Assuming videoFile is an object described by the FileApi File interface, the video should be smoothly transported to YouTube with no restrictions from the same origin policy. The Content-Type of this request is multipart/form-data, just as if it were a regular upload form being submitted the old-fashioned way. The rest should be mostly self-explanatory for those of us familiar with XMLHttpRequest. Just like any other XMLHttpRequest, you have control over the request. You can specify the HTTP method and you can set arbitrary HTTP request headers too.

Uploading a video across domains using nothing but client-side javascript is pretty cool, but the YouTube documentation for inserting a video claims that other parameters can be specified in the same call. The normal method of specifying additional parameters in a multipart/form-data request is to use a new stanza for each additional parameter. That doesn’t work with the YouTube Data API. The documentation doesn’t really spell out exactly how to add additional parameters when using multipart/form-data, so I turned to the official Google API Ruby Client gem for answers.

I made an attempt to upload an empty file to YouTube while at the same time specifying the title and privacy status of the video. I observed the HTTP request using wireshark and found something very interesting:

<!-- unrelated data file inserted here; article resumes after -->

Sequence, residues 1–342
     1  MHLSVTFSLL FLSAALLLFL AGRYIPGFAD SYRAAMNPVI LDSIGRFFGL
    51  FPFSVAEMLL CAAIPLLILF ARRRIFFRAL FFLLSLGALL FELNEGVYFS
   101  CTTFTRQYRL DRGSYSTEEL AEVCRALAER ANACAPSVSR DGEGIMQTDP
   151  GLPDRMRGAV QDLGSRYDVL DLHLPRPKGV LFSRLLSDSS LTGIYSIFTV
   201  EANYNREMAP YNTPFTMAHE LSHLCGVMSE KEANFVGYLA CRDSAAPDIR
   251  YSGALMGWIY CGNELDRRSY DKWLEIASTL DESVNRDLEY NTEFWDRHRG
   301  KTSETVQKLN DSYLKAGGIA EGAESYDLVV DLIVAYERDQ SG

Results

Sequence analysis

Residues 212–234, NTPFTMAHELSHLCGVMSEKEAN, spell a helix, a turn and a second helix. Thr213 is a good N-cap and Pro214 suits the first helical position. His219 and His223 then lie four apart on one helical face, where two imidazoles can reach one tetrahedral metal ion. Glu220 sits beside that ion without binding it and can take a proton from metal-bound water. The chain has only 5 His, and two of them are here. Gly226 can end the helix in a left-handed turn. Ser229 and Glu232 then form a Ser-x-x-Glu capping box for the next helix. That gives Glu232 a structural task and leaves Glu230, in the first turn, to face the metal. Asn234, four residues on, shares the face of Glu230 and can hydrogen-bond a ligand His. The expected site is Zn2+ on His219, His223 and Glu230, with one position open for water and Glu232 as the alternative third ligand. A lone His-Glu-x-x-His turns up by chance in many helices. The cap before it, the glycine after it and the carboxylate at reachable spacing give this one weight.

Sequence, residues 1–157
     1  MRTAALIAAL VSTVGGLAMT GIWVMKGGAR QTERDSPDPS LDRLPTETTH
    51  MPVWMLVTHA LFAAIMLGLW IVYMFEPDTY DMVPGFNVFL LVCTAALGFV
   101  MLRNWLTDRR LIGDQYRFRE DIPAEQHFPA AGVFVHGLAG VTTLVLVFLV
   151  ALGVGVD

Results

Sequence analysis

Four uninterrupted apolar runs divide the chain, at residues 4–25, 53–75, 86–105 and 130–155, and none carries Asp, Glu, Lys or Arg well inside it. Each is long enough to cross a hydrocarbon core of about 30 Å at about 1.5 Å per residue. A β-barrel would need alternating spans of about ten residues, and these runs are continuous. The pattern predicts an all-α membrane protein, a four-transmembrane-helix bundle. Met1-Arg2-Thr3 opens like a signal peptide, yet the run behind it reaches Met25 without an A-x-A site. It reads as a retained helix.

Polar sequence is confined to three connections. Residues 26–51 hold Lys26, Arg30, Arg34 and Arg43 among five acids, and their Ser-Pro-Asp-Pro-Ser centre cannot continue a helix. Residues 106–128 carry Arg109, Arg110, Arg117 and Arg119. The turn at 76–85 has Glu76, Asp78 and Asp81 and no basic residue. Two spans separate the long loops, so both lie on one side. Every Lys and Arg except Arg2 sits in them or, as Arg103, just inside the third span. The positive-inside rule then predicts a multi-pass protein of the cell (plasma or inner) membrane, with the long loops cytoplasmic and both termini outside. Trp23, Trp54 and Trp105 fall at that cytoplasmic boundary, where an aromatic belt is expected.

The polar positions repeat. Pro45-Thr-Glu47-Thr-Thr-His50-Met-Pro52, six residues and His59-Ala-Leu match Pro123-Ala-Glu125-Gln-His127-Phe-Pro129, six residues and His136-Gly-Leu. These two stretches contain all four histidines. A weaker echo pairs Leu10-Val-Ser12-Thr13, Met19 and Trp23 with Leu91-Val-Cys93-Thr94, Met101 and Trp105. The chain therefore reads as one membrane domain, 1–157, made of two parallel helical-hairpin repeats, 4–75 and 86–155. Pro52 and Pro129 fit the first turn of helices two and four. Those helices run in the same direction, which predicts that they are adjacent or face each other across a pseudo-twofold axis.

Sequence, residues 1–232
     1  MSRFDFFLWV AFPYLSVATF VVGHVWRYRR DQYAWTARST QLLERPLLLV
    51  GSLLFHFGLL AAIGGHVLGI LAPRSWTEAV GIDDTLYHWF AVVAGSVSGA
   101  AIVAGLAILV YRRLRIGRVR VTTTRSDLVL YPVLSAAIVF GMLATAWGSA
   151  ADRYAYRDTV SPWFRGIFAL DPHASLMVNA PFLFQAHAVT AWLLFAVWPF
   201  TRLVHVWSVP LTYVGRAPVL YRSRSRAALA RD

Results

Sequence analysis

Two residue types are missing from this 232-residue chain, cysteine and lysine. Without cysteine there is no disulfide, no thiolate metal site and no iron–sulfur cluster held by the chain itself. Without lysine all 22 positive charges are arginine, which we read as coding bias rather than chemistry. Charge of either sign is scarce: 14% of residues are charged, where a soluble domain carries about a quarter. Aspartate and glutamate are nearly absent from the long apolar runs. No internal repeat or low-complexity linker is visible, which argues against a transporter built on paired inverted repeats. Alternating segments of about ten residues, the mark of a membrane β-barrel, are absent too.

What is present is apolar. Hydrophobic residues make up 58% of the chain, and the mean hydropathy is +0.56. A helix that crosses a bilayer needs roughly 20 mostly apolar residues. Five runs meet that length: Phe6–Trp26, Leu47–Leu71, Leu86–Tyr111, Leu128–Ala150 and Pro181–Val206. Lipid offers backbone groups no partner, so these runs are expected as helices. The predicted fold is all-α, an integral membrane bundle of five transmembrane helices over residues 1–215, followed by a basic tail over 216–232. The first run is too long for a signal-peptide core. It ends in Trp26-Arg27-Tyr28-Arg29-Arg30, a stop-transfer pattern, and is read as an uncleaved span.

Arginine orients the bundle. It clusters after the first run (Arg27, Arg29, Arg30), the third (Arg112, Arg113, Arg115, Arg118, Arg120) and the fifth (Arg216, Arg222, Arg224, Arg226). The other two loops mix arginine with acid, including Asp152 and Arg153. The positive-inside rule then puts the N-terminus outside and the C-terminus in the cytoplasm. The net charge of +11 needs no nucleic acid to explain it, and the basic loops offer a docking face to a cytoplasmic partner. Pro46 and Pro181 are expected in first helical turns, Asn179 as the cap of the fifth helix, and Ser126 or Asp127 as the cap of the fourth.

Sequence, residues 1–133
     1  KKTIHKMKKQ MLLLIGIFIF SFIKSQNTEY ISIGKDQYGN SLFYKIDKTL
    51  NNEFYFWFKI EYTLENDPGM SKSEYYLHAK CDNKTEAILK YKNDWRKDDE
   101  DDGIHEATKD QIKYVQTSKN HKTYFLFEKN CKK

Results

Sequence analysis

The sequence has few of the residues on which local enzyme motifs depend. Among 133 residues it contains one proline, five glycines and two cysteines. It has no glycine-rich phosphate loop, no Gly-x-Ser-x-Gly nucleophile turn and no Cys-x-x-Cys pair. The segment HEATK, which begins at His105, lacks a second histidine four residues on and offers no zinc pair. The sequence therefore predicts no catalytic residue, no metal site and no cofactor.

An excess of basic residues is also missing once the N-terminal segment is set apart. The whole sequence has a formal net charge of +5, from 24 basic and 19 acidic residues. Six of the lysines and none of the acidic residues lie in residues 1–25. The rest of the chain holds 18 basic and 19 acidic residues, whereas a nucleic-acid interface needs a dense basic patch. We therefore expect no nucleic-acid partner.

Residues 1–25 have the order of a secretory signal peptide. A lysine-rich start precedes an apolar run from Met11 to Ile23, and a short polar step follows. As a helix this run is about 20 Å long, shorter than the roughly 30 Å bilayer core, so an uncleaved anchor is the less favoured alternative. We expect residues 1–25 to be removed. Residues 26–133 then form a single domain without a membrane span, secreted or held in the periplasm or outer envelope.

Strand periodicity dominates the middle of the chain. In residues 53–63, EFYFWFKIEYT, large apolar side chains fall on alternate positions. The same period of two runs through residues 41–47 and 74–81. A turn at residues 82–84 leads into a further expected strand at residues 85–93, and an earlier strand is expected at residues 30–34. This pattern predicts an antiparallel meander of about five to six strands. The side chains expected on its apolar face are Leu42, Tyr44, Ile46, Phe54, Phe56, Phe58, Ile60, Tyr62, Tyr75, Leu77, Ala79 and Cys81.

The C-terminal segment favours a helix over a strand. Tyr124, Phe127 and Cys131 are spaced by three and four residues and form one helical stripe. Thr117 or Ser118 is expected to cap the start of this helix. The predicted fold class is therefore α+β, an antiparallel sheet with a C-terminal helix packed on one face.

Content-Disposition: form-data; name=""; filename="file.json"
Content-Length: 62
Content-Type: application/json
Content-Transfer-Encoding: binary
Content-Disposition: form-data; name=""; filename="fakevideo.ogv"
Content-Length: 0
Content-Type: video/*
Content-Transfer-Encoding: binary

The official YouTube API client for Ruby adds parameters to a file upload by adding a second file to the request (file.json). The second file is not a real file. It doesn’t exist anywhere on my hard disk. It’s just a JSON blob whose sole purpose is to transfer additional parameters to YouTube using JSON instead of URL encoding them. Using JSON as opposed to URL encoded form parameters actually makes a lot of sense, but this method of attaching parameters to a file upload and sending them to Google’s YouTube Data API v3 is not documented anywhere that I could find.

Making the browser behave the same way is simply a matter of making the same kind of request. The File API has Blob which can make a file-like object out of a regular string while FormData can transform our blob and our real file into multipart/form-data format. All that’s left is to send the whole thing to a remote server using XMLHttpRequest:

var invocation = new XMLHttpRequest();
invocation.setRequestHeader('Authorization', 'Bearer ' + token);'POST', "", true);
var parameters = JSON.stringify({
  "snippet": { "title": "testing123"  },
  "status": { "privacyStatus": "public"  }
var jsonBlob = new Blob([ parameters ], { "type" : "application\/json" });
var fd = new FormData();
fd.append("snippet", jsonBlob, "file.json");
fd.append("file", videoFile);

The result is a successful upload and the request looks very much like the one generated by the ruby gem. I wish Google had more documentation on this because it would have saved me a lot of time. I also ran into trouble fetching OAuth2 tokens for users with multiple Google accounts while using immediate mode authorization. Hopefully, I’ll be writing about that in the future. But, in the end, I’m really happy with the finished product which I do plan to open source soon.